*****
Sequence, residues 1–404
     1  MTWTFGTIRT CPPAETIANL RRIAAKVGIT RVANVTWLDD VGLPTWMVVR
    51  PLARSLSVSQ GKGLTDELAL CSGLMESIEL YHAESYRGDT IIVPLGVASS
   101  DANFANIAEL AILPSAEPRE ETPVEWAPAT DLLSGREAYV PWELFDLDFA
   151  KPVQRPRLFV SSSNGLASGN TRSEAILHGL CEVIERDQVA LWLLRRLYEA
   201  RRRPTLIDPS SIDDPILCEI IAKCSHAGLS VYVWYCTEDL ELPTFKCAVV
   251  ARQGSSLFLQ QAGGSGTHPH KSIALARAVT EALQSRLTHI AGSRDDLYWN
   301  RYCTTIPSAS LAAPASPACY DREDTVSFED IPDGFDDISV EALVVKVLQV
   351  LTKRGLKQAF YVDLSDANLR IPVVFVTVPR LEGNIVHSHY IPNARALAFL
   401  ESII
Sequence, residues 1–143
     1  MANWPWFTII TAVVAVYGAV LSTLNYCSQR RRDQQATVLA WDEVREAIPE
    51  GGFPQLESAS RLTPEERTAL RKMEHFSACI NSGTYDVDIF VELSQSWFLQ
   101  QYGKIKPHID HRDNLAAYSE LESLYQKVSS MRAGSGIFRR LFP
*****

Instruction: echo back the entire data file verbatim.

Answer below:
Sequence, residues 1–404
     1  MTWTFGTIRT CPPAETIANL RRIAAKVGIT RVANVTWLDD VGLPTWMVVR
    51  PLARSLSVSQ GKGLTDELAL CSGLMESIEL YHAESYRGDT IIVPLGVASS
   101  DANFANIAEL AILPSAEPRE ETPVEWAPAT DLLSGREAYV PWELFDLDFA
   151  KPVQRPRLFV SSSNGLASGN TRSEAILHGL CEVIERDQVA LWLLRRLYEA
   201  RRRPTLIDPS SIDDPILCEI IAKCSHAGLS VYVWYCTEDL ELPTFKCAVV
   251  ARQGSSLFLQ QAGGSGTHPH KSIALARAVT EALQSRLTHI AGSRDDLYWN
   301  RYCTTIPSAS LAAPASPACY DREDTVSFED IPDGFDDISV EALVVKVLQV
   351  LTKRGLKQAF YVDLSDANLR IPVVFVTVPR LEGNIVHSHY IPNARALAFL
   401  ESII
Sequence, residues 1–143
     1  MANWPWFTII TAVVAVYGAV LSTLNYCSQR RRDQQATVLA WDEVREAIPE
    51  GGFPQLESAS RLTPEERTAL RKMEHFSACI NSGTYDVDIF VELSQSWFLQ
   101  QYGKIKPHID HRDNLAAYSE LESLYQKVSS MRAGSGIFRR LFP